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Women hit with higher credit card interest rates? Let’s get to the bottom of this

Connie Prater

A new study from FINRA Investor Education Foundation caught my eye with its conclusion that women with low levels of financial literacy were more likely than similarly situated men to screw up their credit card management.

My first reaction was: Not me. But, then, I’m not the typical female credit card holder and I’m definitely not financially illiterate.

Why higher APRs for women?
A curious finding from that study was that women were more likely to have higher credit card interest rates than men.

According to the study, “Females pay half a percentage point more in credit card interest rates than men, regardless of financial literacy level. And both men and women with low levels of financial literacy pay more in credit card interest rates than those with high financial literacy.”

The data found a half a percentage point difference in the interest rates (APRs) paid by women over what men pay (15 percent for women with low financial literacy versus 14.5 percent for similar men). That may not seem like a lot, but as the study notes, “over the course of a lifetime a female consumer could pay hundreds of thousands of dollars more in borrowing costs relative to a male with the same demographic characteristics.”

Why is this? Gender is not a consideration in credit card offers or approvals — or it shouldn’t be.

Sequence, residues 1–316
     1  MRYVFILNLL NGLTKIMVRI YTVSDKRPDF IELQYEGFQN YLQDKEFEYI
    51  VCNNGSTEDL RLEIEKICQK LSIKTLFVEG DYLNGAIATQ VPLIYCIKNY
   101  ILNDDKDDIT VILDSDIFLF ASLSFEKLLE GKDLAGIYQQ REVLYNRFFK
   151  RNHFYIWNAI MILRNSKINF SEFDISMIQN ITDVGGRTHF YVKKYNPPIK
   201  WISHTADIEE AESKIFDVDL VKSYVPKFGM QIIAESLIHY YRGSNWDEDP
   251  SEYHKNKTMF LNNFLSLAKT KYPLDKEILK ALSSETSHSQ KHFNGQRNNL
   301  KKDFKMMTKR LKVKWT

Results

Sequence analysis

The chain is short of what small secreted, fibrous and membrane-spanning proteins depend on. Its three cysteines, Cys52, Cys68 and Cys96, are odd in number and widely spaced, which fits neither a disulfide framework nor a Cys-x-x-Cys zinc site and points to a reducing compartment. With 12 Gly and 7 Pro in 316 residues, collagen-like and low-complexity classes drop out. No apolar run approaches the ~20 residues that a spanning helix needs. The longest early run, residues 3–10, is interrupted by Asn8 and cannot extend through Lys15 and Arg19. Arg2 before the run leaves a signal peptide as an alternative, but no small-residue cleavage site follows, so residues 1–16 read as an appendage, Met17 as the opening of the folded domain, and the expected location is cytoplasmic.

It’s worth noting that the Federal Reserve’s monthly consumer credit report (called the G.19) shows average interest rates on credit card accounts assessed interest was 13.04 percent in February 2012 — slightly lower than the rates reported in the FINRA study.

As that study notes, credit card management can be influenced by a number of things, namely, unemployment (you might miss a payment or two if you’re stressed out, looking for a job or juggling to stay afloat on the monthly bills), income (living paycheck-to-paycheck and overspending), and race (often tied to where you live or income).

Higher interest rates are a function of how well you manage your credit card account. One potential reason for a higher APR is late payments. Federal credit card laws allow banks and credit unions to hike interest rates on existing balances if users miss more than two payments (are more than 60 days late making a payment). The laws allow for a “cure” of that hike for good behavior.

Retail credit cards?
We all know women shop more than men. Moms do most of the family shopping in the average U.S. house. (It’s true that there are “Mr. Moms” out there, but they are the exception.) Could it be that women have more store branded and co-branded retail credit cards, such as Macy’s, Sears and Bloomingdale’s? These cards carry higher than average interest rates.